Why did immigration to Britain increase so rapidly in recent years? David Goodhart, editor of Prospect magazine, considers the question for Radio 4's Analysis programme.
Eastern European fruit pickers have benefited from UK immigration laws
Since Labour came to power in 1997, Britain has experienced what is comfortably its largest wave of immigration ever. Yet it seems to have happened almost by accident.
At no point in the last 12 years does there seem to have been a general discussion in cabinet about the country's immigration strategy.
I have discovered that the final decision to open Britain's labour market to Eastern and Central Europeans was taken by a small group of officials and special advisers before an EU Council of Ministers meeting in Brussels.
It is emblematic of the insouciant way in which the great demographic transformation has occurred.
An accumulation of small decisions, all of them perfectly rational and sensible in their own right, has led to a mighty big - and pretty unpopular - outcome.
Churn and flow
There are two aspects to immigration.
There was never enough preparation, especially for the big East European inflow and the pressure on public services
There is the churn of people coming in for a few years, usually to study or to work and then returning home. And there is the flow of people gaining permanent right of residence.
The churn since 1997 has been enormous, rising from net migration of just a few tens of thousands in the early 1990s to routinely above 200,000 in the past decade. Those are far bigger numbers than ever before, with a total inflow in just 12 years of 5.4m foreign citizens coming for at least one year.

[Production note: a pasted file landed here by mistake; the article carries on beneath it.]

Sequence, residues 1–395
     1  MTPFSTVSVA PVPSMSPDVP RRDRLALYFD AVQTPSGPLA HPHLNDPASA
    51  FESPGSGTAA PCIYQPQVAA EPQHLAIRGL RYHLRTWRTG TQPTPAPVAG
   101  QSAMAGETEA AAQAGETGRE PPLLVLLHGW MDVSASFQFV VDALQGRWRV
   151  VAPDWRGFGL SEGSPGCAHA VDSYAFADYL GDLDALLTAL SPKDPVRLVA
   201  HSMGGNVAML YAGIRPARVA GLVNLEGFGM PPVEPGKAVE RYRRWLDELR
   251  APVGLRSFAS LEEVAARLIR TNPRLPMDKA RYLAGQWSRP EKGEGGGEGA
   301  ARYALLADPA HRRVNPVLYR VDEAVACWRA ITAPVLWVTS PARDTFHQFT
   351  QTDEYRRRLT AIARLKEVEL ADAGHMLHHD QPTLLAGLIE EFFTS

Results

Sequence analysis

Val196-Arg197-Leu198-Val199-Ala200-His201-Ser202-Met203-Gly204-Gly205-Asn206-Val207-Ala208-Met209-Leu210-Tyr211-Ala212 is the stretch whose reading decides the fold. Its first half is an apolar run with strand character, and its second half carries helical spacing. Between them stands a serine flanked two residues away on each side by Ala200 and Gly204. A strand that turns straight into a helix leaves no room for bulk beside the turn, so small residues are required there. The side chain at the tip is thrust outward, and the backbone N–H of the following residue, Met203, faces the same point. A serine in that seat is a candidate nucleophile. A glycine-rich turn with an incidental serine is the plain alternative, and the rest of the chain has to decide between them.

Meanwhile, 1.6m people have been granted permanent right of residence in that time - mainly from developing countries. In 2008, 24 per cent of all births in England and Wales were to foreign-born mothers, rising to nearly 50 per cent in London.
Notwithstanding some recent falls as a result of the recession, we may now be on a permanently higher immigration plateau.
So why did it happen? I did not want to rehearse the old arguments for and against mass immigration. Rather I wanted to try to disentangle the reasons it happened at all.
There were two big background factors: cheaper mass transit and the pull of Britain as a magnet both economic and cultural.
LISTEN TO THE PROGRAMME
BBC Radio 4, Monday 8 February at 2030 and repeated Sunday 14 February at 2130 GMT
A fast growing British economy - at least for most of the last 12 years - plus a deregulated labour market meant jobs galore.
Then there is the pull of the English language and of London - a global city with existing communities from all around the world.
What is more, between 1997 and 2003 there were, I think, five significant government decisions.
First, there was the abolition of the primary purpose rule, very unpopular with South Asians in particular, the repeal of which did have the effect of significantly raising the inward flow of spouses.
Second, there was the introduction of the Human Rights Act, which among many other things made it harder to restrict the number of asylum seekers.